The January sales – which, oddly, have been starting in mid-December for the last few years – are a thing of brilliance. Not only are the big name games recently released cut in price (Mirrorâ€™s Edge for under Â£15? Thanks, Tesco!) but many retailers also flog off the titles that have been gathering dust for some time. A-Train HX, purchased for a nice Â£5.98 in Game, is one such example.
Any game with the word â€˜trainâ€™ in the title is going to conjure up mental images of NHS glasses, anoraks and flasks of weak lemon drink. These fears can be cast aside though – A-Train HX plays more like Sim City than Railroad or Transport Tycoon, or Microsoft Train Simulator. But only if you want it toâ€¦
See, the aim is to amass Â£10 billion as quickly as you can. You can build towns and connect them with rail to earn your fortune, or you can become a property tycoon by building hotels, flats, department stores and the like in profitable areas. Me? I found a much quicker way.
With no tutorial to speak of, an initially confusing interface, and a manual that explains the basics and nothing more, I turned to the internet for guidance. It turns out the only thing I could find was a guide to easily unlocking the achievements, which involves playing the game set on the highest speed, occasionally pausing to buy shares low and sell high. Addictive isnâ€™t the word!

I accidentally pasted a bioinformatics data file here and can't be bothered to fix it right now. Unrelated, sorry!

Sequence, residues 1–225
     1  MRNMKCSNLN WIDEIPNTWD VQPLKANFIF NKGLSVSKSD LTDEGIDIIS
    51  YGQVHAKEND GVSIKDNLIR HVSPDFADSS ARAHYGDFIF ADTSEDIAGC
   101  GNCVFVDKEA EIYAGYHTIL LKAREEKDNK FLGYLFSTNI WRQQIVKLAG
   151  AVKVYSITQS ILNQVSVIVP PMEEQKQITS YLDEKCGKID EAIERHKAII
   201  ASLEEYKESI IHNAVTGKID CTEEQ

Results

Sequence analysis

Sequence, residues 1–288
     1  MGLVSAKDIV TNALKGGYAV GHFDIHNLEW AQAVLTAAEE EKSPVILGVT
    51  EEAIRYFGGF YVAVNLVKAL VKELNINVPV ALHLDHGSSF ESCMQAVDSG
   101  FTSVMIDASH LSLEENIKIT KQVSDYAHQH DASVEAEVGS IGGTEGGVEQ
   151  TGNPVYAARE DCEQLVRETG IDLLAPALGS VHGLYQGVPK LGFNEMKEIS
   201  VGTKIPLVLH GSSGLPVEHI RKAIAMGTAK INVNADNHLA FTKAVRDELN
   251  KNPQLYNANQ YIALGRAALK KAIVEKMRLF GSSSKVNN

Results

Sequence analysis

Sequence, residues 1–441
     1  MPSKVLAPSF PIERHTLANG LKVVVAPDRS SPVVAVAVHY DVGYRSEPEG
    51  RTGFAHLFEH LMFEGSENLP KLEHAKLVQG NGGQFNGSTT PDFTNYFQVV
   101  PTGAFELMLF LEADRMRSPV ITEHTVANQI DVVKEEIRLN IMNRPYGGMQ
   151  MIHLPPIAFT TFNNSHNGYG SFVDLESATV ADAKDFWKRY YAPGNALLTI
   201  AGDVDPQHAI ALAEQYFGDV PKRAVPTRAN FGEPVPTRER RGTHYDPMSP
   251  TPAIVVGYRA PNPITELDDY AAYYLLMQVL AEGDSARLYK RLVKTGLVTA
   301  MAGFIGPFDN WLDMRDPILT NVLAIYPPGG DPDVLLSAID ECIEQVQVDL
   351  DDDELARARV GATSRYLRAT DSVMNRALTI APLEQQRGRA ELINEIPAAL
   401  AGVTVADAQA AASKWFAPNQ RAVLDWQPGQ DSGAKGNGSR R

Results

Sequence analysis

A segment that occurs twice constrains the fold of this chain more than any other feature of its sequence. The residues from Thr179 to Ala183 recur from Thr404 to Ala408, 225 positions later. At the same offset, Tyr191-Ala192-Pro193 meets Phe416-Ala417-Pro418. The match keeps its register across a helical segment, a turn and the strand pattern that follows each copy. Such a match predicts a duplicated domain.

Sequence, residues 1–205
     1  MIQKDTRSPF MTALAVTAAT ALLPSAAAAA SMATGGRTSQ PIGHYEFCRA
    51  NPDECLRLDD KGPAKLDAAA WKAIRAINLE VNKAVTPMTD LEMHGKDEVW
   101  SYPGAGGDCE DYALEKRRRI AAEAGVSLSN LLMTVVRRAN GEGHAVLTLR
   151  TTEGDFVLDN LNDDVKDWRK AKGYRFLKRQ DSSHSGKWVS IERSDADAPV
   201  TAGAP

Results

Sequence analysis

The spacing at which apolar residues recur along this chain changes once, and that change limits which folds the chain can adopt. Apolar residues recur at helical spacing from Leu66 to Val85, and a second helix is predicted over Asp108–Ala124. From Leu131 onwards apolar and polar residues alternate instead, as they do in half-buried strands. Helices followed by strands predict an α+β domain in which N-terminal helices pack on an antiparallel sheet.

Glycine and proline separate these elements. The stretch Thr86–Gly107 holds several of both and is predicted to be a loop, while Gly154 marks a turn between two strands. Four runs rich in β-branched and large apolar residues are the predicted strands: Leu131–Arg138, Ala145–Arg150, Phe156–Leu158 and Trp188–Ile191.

After around three hours not only had I beaten the Â£10 billion quota, unlocking no less than 3 achievements for doing so, but I had enough cash to unlock most of the rest as theyâ€™re gained for silly things like building 30 factories or an airport. Another is gained having over 2,000 miles of rail – I got this one for writing rude words with track on the wasteland.
When you reach Â£10 billion you get to upload your score to a leaderboard. Mine ranked in at 300-odd, which just shows how few people bought the game when it was first released. Itâ€™s not the best game on Xbox 360 by a long shot – itâ€™s as ugly as a bag of old hammers for starters – but you don’t need to be called Nigel and enjoy standing on train platforms in the cold to enjoy it.